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Volume 18 Supplement 1

19th Annual SCMR Scientific Sessions

  • Walking poster presentation
  • Open Access

It's not just the mitral valve - abnormal motion of the whole aorto-mitral apparatus occurs in both overt and subclinical hypertrophic cardiomyopathy

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Journal of Cardiovascular Magnetic Resonance201618 (Suppl 1) :Q37

https://doi.org/10.1186/1532-429X-18-S1-Q37

  • Published:

Keywords

  • Mitral Valve
  • Left Atrial
  • Hypertrophic Cardiomyopathy
  • Aortic Annulus
  • Preserve Ejection Fraction

Background

Mitral valve abnormalities are an important cause of patient morbidity in hypertrophic cardiomyopathy (HCM) contributing to left ventricular outflow tract obstruction (LVOTO). Anterior mitral valve leaflet (AMVL) elongation predisposes to LVOTO. CMR detects this in overt HCM and in sarcomere gene mutation carriers without left ventricular hypertrophy (G+LVH-). However, the geometry of the mitral valve, the subvalvular apparatus and the LVOT is more complex. The purpose of this study was analyse the whole aorto-mitral area (the aorto-mitral apparatus) and track its dynamic motion to explore mechanisms involved in LVOTO-predisposition in subclinical HCM.

Methods

CMR using a 1.5-tesla scanner (Avanto, Siemens) was performed on 35 G+LVH- patients without left atrial (LA) enlargement (31 ± 14 years, 34% male), 31 patients with a clinical diagnosis of HCM with preserved ejection fraction (47 ± 12 years, 61% male, all with pathogenic/likely pathogenic sarcomere mutations [G+LVH+]), and 53 matched healthy volunteers (45% male, 42 ± 14). Direct assessment of the aortomitral apparatus was performed on the 3-chamber view acquired using a breath-held steady-state free precession sequence. Cines were interrogated frame-by-frame, semi-automatically using an in-house script developed for MATLAB®. The motion tracking software interactively assigned, tracked and graphed, the dynamic excursion of 4 pre-defined aortomitral regions of interest (ROI) throughout one cardiac cycle: ROI1 - hinge point of the posterior MVL; ROI2 - intertrigonal mitral annulus; ROI3 - tip of the AMVL; ROI4 - anterior aortic annulus (Fig. 1).
Figure 1
Figure 1

2D displacement-versus-time plots in G+LVH- (red) versus matched healthy-volunteers (blue) normalised for RR intervals and baseline positions. Lines represent population means. Motion tracking software (author, GC) interactively measured the x/y coordinates in 2D space and at multiple time points gated to the ECG R-R interval for each of the 4 ROIs during the cardiac cycle. On the ‘Time' axis, the first ECG R wave represents start time t = 0. Black arrow points to the presence of subtle but statistically significant SAM of the intertrigonal mitral annulus in subclinical HCM.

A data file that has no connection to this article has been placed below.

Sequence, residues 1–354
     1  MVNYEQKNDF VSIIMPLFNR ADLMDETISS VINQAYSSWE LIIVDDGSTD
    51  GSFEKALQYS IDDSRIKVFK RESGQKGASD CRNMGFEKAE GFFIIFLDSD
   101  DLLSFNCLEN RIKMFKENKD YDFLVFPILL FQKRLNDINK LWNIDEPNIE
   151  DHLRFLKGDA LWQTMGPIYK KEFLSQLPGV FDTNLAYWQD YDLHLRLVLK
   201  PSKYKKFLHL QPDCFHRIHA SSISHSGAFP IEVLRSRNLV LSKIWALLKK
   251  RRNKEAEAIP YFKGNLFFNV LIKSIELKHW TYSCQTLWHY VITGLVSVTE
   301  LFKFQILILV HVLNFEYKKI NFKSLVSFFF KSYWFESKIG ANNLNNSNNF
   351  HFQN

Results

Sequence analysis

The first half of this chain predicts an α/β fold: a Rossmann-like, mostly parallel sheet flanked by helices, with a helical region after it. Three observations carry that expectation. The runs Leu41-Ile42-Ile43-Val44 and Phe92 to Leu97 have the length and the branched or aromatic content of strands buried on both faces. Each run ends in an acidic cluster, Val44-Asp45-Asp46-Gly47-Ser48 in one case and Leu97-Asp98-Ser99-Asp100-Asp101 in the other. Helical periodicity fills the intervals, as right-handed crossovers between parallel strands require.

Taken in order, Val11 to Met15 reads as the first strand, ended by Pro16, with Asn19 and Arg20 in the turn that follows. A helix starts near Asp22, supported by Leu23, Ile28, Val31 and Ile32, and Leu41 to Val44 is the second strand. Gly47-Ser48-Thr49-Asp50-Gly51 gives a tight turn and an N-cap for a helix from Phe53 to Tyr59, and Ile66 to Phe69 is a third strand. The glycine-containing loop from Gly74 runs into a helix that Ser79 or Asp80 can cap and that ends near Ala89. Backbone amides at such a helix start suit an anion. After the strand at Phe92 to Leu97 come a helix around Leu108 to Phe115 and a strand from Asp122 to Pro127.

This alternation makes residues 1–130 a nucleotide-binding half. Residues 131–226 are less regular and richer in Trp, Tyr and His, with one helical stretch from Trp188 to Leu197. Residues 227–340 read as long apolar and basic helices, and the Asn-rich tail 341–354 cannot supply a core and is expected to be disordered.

Results

Qualitative examination of normalized two-dimensional displacement-versus-time plots in G+LVH- patients revealed subtle systolic anterior motion (SAM) of the intertrigonal mitral annulus and reduced longitudinal excursion compared to controls. Statistically significant differences were present for ROI1 (P = 0.005), ROI2 (P = 0.01) and ROI4 (P < 0.0001, Fig. 1). In G+LVH+ patients, displacement-versus-time plots for all 4 ROIs differed significantly from those of controls resulting from a combination of SAM, diminished longitudinal excursion and blunted end-diastolic motion (Fig. 2): ROI1 (P = 0.02), ROI2 (P = 0.007), ROI3 (P < 0.0001) and ROI4 (P < 0.0001).
Figure 2
Figure 2

Normalised 2D displacement-versus-time plots in G+LVH+ (red) versus matched healthy volunteers (blue). Lines represent population means. Black arrows point to the presence of SAM in overt HCM.

Conclusions

The AMVL is longer in preclinical HCM, but in addition, there are more widespread abnormalities of the aorto-mitral apparatus motion, including SAM of the mitral annulus before the development of LVH or LA enlargement. These data have the potential to improve our understanding of early phenotype development and LVOTO-predisposition in HCM.

Authors’ Affiliations

(1)
Institute of Cardiovascular Science, University College London, London, United Kingdom
(2)
Bart's Heart Centre and Centre for Biostatistics and Epidemiology, London, United Kingdom
(3)
Cardiovascular centre, University of Lisbon, Lisbon, Portugal
(4)
University of Bordeaux, CHU de Bordeaux, Bordeaux, France
(5)
Assistance Publique-Hôpitaux de Paris, Hôpital Européen Georges Pompidou, Paris, France
(6)
Cardiology Department Kings College, London, United Kingdom

Copyright

© Obianyo et al. 2016

This article is published under license to BioMed Central Ltd. This is an Open Access article distributed under the terms of the Creative Commons Attribution License (http://creativecommons.org/licenses/by/4.0), which permits unrestricted use, distribution, and reproduction in any medium, provided the original work is properly cited. The Creative Commons Public Domain Dedication waiver (http://creativecommons.org/publicdomain/zero/1.0/) applies to the data made available in this article, unless otherwise stated.

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